Investors who want to sport market-beating returns must first learn a few valuable skills and be willing to put in a little weekend homework. Arguably, the single most important skill investors can learn is how to value a stock. Without this proficiency, investors are left dancing in the market's winds without a firm foundation, not knowing if a company's future growth projections are already baked into the stock price or if a company's shares are severely undervalued. The very thought makes me shudder!
Almost everything in the financial news media can be classified as unnecessary background noise, but investors must have a way of determining a stock's true intrinsic value. For that reason, let's take a closer look at a few tools investors have historically used to value stocks and how you can use them to discover undervalued stocks today. But first...
What is a stock?
Before discussing how to determine the intrinsic value of stock and whether it's under- or over-valued, let's first review what a stock is. It is not a piece of paper nor is it a ticker symbol displayed next to some numbers on a screen. A single share of a company represents a small, but real, ownership stake in a corporation. One stock's percentage of ownership is determined by dividing it by the total number of shares outstanding. While there are different types of stocks, stock ownership generally entitles the owner to corporate voting rights and to any dividends paid.
Why value stocks?
Before purchasing these fractional ownership stakes to a particular company, it is important to understand that the stock's intrinsic value is not necessarily directly tied to its current market price, though some would have you believe it is. In fact, there are many who buy into the efficient market hypothesis, a theory that states that all known information is currently priced into a stock. The implication of this theory is that beating the market is almost purely a matter of chance and not one of expert stock selection.
Most adherents of this theory simply suggest investing into an index fund or ETF because of the seemingly impossible task of beating the market. While it is hard to argue with the advice -- after all, passively investing into an index fund gives investors instant diversification in multiple stocks for low fees and immediate access to the stock market's historic returns -- it also doesn't take too long to see the holes in the theory.
For starters, how does the efficient market hypothesis take into account historic stock market bubbles? On October 19, 1987, the Dow Jones Industrial Average dropped a staggering 508 points, or roughly 23% of its value, in just one trading session. Over the course of two trading days in October 1929, the Dow Jones lost about a quarter of its value. If the efficient market hypothesis were true, one would be hard-pressed to explain how the market could lose 25% in one day unless it was extremely over-valued before the crash or severely undervalued after the drop.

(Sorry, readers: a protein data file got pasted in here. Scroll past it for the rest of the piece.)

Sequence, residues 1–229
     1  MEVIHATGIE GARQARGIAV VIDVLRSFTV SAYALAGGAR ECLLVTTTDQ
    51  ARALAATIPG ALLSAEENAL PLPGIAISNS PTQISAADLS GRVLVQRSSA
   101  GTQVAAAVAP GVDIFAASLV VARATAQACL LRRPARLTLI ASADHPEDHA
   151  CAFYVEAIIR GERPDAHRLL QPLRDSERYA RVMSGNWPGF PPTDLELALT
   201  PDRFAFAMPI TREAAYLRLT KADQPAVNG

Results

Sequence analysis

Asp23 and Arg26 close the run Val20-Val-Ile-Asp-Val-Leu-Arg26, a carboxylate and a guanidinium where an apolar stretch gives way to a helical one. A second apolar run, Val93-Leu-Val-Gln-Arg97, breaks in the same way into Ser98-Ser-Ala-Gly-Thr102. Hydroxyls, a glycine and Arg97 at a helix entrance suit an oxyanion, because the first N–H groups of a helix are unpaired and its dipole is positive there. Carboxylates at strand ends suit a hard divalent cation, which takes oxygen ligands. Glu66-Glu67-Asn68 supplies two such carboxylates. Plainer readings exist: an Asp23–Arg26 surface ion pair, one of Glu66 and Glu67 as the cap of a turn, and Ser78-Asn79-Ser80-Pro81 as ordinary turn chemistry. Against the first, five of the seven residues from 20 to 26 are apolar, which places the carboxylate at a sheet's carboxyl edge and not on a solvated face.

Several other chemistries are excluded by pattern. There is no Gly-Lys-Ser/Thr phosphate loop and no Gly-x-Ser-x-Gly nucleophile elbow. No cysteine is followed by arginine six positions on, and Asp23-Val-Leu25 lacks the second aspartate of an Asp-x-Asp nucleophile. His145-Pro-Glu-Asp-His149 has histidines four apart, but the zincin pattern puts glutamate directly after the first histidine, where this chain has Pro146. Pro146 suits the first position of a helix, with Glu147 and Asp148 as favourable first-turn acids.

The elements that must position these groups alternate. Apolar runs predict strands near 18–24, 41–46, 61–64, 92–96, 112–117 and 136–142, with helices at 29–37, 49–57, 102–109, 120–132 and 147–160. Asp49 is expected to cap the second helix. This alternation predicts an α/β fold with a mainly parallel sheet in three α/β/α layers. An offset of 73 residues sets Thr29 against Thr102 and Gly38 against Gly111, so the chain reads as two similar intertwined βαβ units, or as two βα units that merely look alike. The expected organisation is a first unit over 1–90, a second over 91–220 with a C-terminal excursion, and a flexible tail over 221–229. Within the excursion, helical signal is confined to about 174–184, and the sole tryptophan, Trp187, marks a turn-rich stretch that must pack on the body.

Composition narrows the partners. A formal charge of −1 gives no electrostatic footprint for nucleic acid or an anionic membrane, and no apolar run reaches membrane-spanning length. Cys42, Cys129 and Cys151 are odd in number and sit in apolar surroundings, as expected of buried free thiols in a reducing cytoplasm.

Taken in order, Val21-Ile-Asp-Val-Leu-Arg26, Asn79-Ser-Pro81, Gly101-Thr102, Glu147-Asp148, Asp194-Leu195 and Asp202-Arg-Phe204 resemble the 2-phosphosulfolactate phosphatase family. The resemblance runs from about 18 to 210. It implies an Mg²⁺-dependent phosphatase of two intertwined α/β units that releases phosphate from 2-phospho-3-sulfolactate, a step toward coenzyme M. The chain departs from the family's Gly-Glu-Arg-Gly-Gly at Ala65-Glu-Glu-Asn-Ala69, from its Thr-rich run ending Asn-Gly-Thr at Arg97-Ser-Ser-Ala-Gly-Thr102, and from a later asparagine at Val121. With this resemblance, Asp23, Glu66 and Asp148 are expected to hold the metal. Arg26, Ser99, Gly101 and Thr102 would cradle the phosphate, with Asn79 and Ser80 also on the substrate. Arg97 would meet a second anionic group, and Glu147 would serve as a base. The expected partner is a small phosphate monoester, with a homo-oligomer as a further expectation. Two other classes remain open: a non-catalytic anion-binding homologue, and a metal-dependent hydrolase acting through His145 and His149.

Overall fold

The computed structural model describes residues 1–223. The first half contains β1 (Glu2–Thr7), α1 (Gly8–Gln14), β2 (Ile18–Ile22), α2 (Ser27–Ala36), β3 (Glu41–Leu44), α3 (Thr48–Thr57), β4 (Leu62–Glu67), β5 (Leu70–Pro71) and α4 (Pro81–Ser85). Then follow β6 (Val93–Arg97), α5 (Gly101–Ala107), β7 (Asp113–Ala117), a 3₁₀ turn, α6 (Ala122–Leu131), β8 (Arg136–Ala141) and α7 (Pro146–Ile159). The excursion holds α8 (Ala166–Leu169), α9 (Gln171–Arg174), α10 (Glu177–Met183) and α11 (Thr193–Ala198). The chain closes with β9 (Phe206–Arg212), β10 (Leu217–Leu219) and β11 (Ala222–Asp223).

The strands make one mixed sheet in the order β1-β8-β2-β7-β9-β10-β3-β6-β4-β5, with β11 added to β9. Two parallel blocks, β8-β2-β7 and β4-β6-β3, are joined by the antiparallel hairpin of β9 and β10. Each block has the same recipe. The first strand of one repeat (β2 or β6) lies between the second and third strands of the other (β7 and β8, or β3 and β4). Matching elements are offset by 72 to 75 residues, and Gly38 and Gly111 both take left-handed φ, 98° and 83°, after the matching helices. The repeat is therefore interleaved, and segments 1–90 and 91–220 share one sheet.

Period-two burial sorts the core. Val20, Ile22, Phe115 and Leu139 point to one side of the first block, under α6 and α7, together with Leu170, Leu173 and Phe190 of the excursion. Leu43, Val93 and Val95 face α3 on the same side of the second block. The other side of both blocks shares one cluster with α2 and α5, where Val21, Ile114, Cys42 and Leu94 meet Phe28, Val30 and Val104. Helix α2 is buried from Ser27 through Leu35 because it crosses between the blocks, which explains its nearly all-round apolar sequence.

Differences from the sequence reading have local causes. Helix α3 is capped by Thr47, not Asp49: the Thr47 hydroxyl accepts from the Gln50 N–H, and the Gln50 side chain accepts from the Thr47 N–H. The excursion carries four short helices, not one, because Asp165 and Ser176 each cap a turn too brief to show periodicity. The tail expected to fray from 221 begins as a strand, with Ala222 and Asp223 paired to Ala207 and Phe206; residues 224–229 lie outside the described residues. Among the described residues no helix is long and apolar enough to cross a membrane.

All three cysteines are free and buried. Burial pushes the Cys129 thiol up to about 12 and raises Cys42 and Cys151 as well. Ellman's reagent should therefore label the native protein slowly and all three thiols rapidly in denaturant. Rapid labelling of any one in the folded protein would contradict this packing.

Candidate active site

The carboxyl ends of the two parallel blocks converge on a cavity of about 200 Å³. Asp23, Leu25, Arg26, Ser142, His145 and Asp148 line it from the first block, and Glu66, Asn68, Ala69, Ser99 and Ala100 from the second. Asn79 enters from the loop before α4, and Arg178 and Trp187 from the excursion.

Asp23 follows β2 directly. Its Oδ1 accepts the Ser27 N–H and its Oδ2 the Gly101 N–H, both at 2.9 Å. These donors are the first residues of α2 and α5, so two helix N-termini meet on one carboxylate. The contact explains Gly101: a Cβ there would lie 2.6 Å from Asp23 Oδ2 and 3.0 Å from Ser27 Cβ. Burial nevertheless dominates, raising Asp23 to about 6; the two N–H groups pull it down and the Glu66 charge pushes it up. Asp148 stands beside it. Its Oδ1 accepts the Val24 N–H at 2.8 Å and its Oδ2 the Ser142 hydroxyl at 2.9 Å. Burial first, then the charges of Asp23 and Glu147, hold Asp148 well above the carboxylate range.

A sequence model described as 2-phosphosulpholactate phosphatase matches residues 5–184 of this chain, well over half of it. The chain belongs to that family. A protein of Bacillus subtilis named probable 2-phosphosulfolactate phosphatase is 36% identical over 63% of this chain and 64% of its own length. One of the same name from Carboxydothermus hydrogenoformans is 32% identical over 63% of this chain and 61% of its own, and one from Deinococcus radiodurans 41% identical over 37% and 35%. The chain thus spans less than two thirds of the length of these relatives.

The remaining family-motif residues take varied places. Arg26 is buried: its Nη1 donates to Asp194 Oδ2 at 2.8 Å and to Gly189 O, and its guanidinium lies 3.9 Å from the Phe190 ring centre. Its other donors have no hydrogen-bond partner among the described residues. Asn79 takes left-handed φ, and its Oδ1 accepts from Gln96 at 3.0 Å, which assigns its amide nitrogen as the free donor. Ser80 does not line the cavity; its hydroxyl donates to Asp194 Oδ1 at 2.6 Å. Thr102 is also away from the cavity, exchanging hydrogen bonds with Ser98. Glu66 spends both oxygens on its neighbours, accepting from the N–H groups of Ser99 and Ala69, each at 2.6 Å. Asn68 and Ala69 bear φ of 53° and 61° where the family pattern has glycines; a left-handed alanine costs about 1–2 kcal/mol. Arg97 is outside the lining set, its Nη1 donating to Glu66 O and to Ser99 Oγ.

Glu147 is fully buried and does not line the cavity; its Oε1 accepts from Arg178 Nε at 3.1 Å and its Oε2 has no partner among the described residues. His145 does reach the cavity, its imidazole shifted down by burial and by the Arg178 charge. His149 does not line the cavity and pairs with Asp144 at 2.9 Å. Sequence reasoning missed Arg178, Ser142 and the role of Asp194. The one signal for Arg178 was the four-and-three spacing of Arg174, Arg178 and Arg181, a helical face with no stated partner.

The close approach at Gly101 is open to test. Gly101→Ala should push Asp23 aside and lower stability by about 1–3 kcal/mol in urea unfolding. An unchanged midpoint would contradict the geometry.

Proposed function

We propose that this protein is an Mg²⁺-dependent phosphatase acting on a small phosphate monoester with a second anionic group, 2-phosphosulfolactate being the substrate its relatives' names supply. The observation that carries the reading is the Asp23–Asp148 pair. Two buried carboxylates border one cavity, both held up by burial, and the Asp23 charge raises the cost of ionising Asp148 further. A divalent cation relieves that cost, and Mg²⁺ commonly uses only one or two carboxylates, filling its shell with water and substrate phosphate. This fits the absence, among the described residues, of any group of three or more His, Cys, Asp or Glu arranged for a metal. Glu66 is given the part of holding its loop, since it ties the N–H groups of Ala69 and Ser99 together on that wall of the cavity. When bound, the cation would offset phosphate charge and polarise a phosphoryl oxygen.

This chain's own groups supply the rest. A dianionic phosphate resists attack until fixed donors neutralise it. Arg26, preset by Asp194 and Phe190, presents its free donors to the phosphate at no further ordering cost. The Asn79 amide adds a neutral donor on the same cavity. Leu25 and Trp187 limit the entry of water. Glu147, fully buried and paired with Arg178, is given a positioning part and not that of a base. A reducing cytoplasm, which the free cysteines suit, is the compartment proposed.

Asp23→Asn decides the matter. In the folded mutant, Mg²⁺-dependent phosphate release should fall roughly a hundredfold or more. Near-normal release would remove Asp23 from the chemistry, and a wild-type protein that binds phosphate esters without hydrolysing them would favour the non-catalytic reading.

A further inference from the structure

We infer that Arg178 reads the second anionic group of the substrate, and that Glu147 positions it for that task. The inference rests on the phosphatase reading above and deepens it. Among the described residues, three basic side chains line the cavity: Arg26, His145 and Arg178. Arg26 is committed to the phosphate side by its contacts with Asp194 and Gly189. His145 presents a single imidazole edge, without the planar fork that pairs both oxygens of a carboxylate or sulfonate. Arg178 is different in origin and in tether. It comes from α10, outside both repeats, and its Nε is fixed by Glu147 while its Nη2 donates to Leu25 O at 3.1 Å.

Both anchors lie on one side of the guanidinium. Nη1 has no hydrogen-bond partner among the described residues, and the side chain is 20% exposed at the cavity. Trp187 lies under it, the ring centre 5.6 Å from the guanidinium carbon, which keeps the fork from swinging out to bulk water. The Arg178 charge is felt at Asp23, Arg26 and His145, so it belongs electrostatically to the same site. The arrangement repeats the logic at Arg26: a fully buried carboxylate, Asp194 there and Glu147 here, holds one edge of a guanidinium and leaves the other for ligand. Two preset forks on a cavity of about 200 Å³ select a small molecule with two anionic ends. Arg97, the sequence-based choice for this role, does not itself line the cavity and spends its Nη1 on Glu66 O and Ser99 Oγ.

Rather, active investors believe the market swings between euphoria and pessimism on a fairly regular basis. The father of value investing, Benjamin Graham, emphasized this aspect of the stock market, believing it regularly overvalued and undervalued shares in publicly traded companies. In his classic investing book, The Intelligent Investor, Graham wrote:
Imagine that in some private business you own a small share that cost you $1,000. One of your partners, named Mr. Market, is very obliging indeed. Every day he tells you what he thinks your interest is worth and furthermore offers either to buy you out or to sell you an additional interest on that basis. Sometimes his idea of value appears plausible and justified by business developments and prospects as you know them. Often, on the other hand, Mr. Market lets his enthusiasm or his fears run away with him, and the value he proposes seems to you a little short of silly.
Active investors believe a stock's value is wholly separate from its market price. Investors use a series of metrics, simple calculations, and qualitative analysis of a company's business model to determine its intrinsic value, then determine whether it is worth an investment at its current price. Let's take a closer look at the tools investors use to value a stock.
The cornerstone to valuing stocks: The P/E ratio
The go-to metric for nearly all investors when it comes to valuing a stock has to be the P/E ratio. Standing for price-to-earnings, this formula is calculated by dividing the stock price by the earnings per share (EPS). The lower the P/E ratio, the more earnings power investors are buying with each share or, put another way, the less time it takes for a stock to pay investors back in earnings.
For a quick example, let's calculate the P/E ratio of Walmart (NYSE: WMT). For the 2017 fiscal year, the company reported diluted earnings per share of $3.28. As I write, the price of the company's shares is $86.84. To obtain the P/E ratio we simply divide the stock price by the EPS:
86.84/3.28 = 26.48
Easy peasy, right? Well, not exactly...
Using GAAP vs. adjusted earnings to determine the P/E ratio
Walmart's shares are currently valued at a P/E ratio of 26.48. This is the number (or something close to it) found on most financial websites at the time of writing, but is it the most accurate? This P/E ratio was calculated using GAAP (generally accepted accounting principles) earnings.